knee-anatomyThe knee joint is the largest joint in the body. It takes three bones articulating with one another to create it: the lower portion of the femur, the upper portion of the tibia and the patella. As a result of it being a large and complex joint (due to a variety of ligaments, tendons, and cartilage to support and protect it) it takes a lot of wear and tear.
There are so many varieties of injuries and conditions of the knee all of which can be helped and prevented by working on strengthening the optimal tracking of the patella (the shield-shaped bone in the front of the knee). Imbalance in the tracking of the patella can lead to conditions such as; chondromalacia patella syndrome, patella tendinitis, and patella misalignment. The improper tracking of the patella can create bad alignment in the entire knee joint which can result in injuries including: Meniscus Injuries and ligament tears ( Anterior Cruciate Ligament-ACL, Lateral Collateral Ligament-LCL, Medial Collateral Ligament-MCL, and the Posterior Collateral ligament -PCL).
Imbalance in the Quadriceps muscle is a major contributing factor to poor tracking and alignment issues in the knee joint that can cause knee strain and knee sprain. Patella subluxation (dislocation) can be a result of the Quadriceps muscles, retinacula, or patella tendon being pulled too hard. Overuse or over excessive loading of the knee joint can also result in patellar and quadriceps tendinitis (inflammation). Knee issues are very painful and can take a long time to heal so it is of great value to take care of and strengthen them.
The Quadriceps muscle is made up of four muscles (vastus lateralis, vastus medialus, vastus intermedius and rectus femoris). This is the large outer muscle group in the front of the upper portion of the leg. It originates at the hip bone and inserts via the patella ligament to the tibia and is used in extension of the knee joint. In many people (mostly women) (see high heel article) the outer quadriceps is overused and the inner quadriceps is weaker. This imbalance is what creates the poor tracking issue. The patella is literally pulled outward and upward more frequently. This constant outer pulling effects the meniscus (cushioning and shock-absorbers in the knee) as well as the tendons and ligaments. This creates an instability in the knee joint. The inner Quadriceps need to be strengthened to keep the balance of the Qaudriceps muscle and the tracking of knee in alignment. Imagine … pulley system imagine one rope pulled much tighter than the string on the other side eventually it would teeter off
Even though Vastus Lateralis is not used to flex the ankle joint, it is used in the action of extension of the knee. This next exercise is really an isometric contraction of the muscle(it does not move but is toned and used to stabilize).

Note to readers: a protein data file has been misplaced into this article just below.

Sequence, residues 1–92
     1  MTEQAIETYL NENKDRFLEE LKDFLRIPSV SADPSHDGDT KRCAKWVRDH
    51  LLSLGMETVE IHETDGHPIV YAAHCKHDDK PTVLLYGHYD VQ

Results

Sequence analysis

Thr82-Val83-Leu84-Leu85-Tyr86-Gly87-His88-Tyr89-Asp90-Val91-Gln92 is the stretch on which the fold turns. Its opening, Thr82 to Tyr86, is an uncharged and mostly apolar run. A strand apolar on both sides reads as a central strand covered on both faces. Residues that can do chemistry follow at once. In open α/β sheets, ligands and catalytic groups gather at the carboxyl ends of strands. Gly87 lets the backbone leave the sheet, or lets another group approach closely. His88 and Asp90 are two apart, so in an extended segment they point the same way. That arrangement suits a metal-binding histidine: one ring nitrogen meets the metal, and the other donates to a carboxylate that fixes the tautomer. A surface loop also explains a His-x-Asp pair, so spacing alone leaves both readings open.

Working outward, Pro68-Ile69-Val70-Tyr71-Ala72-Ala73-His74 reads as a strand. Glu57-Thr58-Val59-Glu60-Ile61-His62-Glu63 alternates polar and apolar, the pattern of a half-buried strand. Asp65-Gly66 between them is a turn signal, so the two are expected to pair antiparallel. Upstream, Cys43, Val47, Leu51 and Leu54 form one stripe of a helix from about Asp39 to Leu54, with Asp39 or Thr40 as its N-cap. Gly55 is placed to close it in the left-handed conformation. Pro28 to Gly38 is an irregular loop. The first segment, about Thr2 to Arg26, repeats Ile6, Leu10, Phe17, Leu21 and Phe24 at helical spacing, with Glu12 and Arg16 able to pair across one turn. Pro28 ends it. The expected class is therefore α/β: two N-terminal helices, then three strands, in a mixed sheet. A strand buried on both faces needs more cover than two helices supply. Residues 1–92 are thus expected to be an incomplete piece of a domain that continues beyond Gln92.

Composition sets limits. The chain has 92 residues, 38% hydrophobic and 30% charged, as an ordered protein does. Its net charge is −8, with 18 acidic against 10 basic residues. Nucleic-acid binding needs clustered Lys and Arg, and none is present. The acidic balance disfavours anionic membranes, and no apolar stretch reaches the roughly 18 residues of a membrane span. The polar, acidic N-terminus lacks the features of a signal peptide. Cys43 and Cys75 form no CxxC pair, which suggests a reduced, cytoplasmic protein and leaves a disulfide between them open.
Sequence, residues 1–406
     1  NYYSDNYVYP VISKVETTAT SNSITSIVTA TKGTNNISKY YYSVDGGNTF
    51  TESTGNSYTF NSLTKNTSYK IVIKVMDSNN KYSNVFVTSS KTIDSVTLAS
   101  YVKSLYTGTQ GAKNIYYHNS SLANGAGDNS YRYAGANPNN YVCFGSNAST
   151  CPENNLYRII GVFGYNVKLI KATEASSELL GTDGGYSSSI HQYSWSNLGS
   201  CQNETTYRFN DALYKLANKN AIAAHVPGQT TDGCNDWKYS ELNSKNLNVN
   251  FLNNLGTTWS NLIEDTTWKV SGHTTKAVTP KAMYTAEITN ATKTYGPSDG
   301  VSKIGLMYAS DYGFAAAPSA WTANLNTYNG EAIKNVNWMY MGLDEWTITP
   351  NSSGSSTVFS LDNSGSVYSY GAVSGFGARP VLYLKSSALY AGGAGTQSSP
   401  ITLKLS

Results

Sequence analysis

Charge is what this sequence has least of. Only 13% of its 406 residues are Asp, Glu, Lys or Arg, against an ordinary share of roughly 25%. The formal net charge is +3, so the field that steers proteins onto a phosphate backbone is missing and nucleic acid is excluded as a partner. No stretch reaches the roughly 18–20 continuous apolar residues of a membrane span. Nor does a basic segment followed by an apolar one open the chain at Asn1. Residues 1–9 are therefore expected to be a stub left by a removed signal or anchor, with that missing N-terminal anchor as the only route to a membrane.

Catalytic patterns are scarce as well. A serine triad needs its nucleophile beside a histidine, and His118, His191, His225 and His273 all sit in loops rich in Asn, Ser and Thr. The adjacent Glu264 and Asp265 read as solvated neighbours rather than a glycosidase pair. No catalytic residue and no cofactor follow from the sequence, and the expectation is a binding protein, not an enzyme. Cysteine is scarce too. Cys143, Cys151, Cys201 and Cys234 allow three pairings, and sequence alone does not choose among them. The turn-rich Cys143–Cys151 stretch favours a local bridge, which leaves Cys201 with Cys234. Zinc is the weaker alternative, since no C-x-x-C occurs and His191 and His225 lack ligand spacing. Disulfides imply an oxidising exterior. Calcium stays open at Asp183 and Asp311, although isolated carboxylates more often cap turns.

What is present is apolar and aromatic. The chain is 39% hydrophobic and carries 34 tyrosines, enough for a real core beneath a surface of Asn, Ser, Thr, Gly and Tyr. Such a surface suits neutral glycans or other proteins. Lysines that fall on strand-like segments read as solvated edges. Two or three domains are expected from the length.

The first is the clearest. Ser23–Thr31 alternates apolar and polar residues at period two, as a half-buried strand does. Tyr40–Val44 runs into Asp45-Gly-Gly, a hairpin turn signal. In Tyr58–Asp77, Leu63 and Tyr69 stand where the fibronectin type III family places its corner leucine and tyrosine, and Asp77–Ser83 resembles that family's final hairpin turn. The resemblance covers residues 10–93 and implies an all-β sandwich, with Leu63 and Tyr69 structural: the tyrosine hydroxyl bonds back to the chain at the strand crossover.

Procedure:
Place a pillow under your knee to avoid hyper extension of the knee joint (see article on pillows and bolsters for joint support for more tips). Gently flex and point your foot letting the toes relax and go along for the ride. There should be no excess tension in the foot. The focus is on the inner Quadriceps muscle (just above the knee toward the mid line of the body). One should see this area of the muscle slightly bulge or at least feel some sensation there. This is an indicator that it is being done correctly. Do up to ten repetitions on each side. If that feels like enough then stop there. Feel free to repeat a second set. This simple exercise is very effective in helping the balance of the Quadriceps muscle and subsequently in the tracking of the patella. It is great to have an “exercise” you can do on the couch!
Biking (done in a moderate level) is also an effective way to help in the strengthening and tracking of the patella and subsequently the entire knee joint.
This exercise is meant as a preventative measure for enhanced health and does not substitute for personalized physical therapy or medical advise. For acute or chronic knee pain please visit your doctor.

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2 Thoughts on “Understanding knee pain

  1. Pingback: Understanding Knee Pain Sensible living | Joint Pain Relief

  2. Jordan Nussbaum on August 9, 2012 at 3:02 am said:

    Joint pain can be caused by dislocated joint or some damage to it. Better get an x-ray on the affected area to know the cause. ,“*”

    Many thanks http://foodsupplementdigest.com/acidophilus-milk/

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